February 21, 2018

The Advocate's Toolbox

Step Up on ESEA: Act now to get school libraries built into this federal legislation | Editorial

If you are not up to speed on the reauthorization of the Elementary and Secondary Education Act (ESEA), please tune into the process now and sharpen your advocacy tools. A decade of potential school library support hangs in the balance as lawmakers move toward a much-needed update of this federal legislation. Our elected officials need to know this matters and why, now, so they will focus on it, raise its profile, and hopefully inform its improvement.

Emily Sheketoff

Emily Sheketoff

The process of reauthorization is complex, and the current focus is on getting language from the SKILLS (Strengthening Kids’ Interest in Learning and Libraries) Act (S. 312) into a version in the works by the Senate Health, Education, Labor, and Pensions (HELP) Committee. To get the full rundown of where the process stands, take a look at SLJ news editor Carolyn Sun’s recent coverage (“ESEA: ALA and Advocacy Community Urging School Library Supporters to Act Now”). Also, follow the postings at ALA’s District Dispatch, where Emily Sheketoff, executive director of the Washington Office of the American Library Association (ALA), and her team share updates on many policy issues of vital importance to libraries.

The ESEA, previously known as No Child Left Behind but originally called the Elementary and Secondary Education Act of 1965, has seen many changes. It’s important to recall that school libraries were understood to be critical in the original act, as Sheketoff highlighted in a January 27 letter to the HELP Committee providing feedback from ALA on an earlier draft of ESEA. The original act, she wrote “recognized the correlation between effective school library programs and student success by authorizing $100 million for the ‘School Library Resources, Textbooks, and Other Instructional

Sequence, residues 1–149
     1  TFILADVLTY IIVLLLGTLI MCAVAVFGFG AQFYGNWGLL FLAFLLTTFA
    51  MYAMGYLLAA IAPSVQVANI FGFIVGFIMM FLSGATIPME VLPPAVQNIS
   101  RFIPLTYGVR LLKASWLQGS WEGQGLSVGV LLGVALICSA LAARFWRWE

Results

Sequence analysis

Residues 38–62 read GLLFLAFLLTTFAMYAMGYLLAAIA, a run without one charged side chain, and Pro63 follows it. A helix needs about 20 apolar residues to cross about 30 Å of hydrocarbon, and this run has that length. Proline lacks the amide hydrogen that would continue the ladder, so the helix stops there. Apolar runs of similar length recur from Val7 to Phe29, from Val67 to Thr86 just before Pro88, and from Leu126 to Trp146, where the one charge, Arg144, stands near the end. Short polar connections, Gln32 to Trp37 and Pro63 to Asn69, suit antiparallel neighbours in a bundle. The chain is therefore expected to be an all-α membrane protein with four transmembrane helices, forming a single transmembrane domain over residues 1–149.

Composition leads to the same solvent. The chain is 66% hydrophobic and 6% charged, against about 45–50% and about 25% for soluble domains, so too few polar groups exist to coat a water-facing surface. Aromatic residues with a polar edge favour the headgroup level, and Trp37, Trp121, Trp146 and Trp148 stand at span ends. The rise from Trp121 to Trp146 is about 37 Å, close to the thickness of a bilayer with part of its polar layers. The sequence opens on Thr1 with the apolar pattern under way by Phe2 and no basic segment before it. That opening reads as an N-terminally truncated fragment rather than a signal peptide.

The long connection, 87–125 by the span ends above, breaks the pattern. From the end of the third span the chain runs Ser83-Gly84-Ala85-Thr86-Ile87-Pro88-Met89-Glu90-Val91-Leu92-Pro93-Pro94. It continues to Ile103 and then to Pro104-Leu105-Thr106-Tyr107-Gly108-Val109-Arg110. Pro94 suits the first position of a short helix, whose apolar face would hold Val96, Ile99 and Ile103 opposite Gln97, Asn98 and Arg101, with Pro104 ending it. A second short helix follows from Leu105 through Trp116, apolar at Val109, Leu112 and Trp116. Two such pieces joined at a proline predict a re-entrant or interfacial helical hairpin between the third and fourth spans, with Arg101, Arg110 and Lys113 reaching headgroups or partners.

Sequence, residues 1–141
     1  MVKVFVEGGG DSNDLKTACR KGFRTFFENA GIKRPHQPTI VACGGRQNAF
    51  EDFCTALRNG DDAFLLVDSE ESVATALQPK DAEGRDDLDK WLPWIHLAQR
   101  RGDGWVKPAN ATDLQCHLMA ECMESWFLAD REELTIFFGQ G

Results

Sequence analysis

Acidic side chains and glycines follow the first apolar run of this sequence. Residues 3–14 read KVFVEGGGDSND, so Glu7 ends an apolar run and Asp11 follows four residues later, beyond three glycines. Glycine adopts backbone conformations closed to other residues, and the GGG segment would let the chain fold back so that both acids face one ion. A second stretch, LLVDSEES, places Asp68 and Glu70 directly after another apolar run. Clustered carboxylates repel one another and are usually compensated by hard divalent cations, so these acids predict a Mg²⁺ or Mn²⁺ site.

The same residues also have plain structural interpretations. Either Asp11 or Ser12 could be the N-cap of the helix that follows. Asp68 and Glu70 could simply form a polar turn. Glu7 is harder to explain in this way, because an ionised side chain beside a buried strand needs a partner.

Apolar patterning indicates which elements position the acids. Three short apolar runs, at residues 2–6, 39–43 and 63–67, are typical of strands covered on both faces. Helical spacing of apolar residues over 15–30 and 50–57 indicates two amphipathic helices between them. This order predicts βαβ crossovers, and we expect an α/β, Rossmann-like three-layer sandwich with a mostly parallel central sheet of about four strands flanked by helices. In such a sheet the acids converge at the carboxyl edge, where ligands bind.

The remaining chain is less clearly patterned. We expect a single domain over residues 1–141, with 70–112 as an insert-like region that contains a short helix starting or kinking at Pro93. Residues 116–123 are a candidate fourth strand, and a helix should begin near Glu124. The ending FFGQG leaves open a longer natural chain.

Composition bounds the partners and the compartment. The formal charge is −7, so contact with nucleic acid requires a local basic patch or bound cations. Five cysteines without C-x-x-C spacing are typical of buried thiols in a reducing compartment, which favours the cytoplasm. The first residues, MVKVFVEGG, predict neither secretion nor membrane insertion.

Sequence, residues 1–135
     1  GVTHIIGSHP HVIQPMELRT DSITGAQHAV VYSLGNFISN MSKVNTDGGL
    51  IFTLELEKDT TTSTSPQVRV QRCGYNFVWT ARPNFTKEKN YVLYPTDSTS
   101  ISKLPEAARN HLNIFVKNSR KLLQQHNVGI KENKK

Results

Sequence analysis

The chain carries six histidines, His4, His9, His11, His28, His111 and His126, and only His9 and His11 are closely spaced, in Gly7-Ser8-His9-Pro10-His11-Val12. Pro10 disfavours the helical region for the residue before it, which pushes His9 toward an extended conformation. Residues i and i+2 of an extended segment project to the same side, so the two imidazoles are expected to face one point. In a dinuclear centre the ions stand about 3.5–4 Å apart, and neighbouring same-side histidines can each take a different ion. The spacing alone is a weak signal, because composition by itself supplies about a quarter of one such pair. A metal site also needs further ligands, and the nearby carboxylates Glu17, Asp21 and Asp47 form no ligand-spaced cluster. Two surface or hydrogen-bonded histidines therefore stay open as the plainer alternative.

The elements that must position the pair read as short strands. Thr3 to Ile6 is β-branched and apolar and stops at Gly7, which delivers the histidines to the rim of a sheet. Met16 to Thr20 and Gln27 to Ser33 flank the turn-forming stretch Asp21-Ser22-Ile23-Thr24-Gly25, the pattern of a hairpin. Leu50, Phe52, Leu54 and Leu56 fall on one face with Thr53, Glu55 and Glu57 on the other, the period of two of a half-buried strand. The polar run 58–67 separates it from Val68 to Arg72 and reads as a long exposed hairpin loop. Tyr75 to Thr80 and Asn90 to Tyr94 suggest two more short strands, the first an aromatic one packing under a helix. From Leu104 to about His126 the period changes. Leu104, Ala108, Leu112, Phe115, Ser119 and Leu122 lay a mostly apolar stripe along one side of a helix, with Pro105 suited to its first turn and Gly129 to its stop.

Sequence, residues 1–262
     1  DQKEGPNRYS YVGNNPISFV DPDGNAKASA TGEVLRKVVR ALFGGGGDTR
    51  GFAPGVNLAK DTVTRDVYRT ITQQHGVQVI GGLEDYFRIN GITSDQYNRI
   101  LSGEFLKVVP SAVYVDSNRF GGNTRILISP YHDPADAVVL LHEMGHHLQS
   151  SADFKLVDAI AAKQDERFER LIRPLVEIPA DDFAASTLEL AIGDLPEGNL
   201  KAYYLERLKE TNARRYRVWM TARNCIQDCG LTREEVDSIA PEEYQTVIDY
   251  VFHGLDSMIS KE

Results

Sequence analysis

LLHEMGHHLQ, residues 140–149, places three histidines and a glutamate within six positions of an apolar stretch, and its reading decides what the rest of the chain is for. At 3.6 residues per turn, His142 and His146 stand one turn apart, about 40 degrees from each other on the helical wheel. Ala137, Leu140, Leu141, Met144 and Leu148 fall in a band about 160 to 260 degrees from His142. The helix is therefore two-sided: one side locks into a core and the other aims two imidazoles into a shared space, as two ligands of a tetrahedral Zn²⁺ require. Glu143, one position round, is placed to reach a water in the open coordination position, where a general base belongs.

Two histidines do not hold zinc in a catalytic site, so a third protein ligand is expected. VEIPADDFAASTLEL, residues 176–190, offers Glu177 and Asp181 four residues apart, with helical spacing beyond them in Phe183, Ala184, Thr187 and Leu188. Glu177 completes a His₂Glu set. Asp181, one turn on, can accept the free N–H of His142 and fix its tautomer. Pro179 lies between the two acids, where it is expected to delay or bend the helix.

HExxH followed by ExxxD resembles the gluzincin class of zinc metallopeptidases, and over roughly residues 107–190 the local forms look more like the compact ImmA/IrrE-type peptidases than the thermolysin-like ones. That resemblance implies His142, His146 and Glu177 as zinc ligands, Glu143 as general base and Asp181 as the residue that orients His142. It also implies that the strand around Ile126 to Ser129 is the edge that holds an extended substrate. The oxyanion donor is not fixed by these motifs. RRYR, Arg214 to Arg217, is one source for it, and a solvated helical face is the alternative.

Kieth Curry Lance

Keith Curry Lance

Materials’ program under Title II, but as time passed, federal funding was eliminated, state and local support has diminished, and too many students across the nation are finding themselves in schools without the books, technology, and instruction that can only be obtained through effective school library programs.”

But it’s not about what used to be, it’s about what school libraries bring to the table now—consistent support for student success, which is well documented by the research conducted by Keith Curry Lance. In short, where there are school libraries and librarians, kids do better. We have to keep striving to get that word out in compelling ways—and elected officials find public feedback to be very compelling.

Senators Lamar Alexander

Senator Lamar Alexander

Sheketoff, Sun notes in her coverage, says this call-to-action goes for everyone, not just school librarians, and I couldn’t agree more. On March 19, a coalition of education businesses added leverage, sending a joint letter [pdf] to U.S. Senators Lamar Alexander (R-TN) and Patty Murray (D-WA). This is most welcome, and hints at the scale of activity we need around this issue. All librarians and educators and our various stakeholders should engage in bringing attention to this problem.

Now is not the time to let others handle this, nor can we succumb to what Deb Kachel, longtime advocate and cochair of the Pennsylvania School Librarians Association, calls “advocacy fatigue.” Act now. Tell your U.S. senators and representatives how critical school libraries are in delivering quality education, helping schools and kids keep up with new technologies, and fueling engagement with learning as a lifelong necessity and pleasure. Then talk to parents and colleagues in your schools, public libraries, and communities—educate them on why and how to join you in calling for the integration of school libraries into ESEA.

“We have never been closer in getting school library language in a reauthorization of ESEA,” Kachel said via listserv. Let’s make it a reality.

A decade or more of learning depends on it.


Rebecca T. Miller

This article was published in School Library Journal's April 2015 issue. Subscribe today and save up to 35% off the regular subscription rate.

Rebecca T. Miller About Rebecca T. Miller

Rebecca T. Miller (rmiller@mediasourceinc.com) is Editorial Director, Library Journal and School Library Journal.

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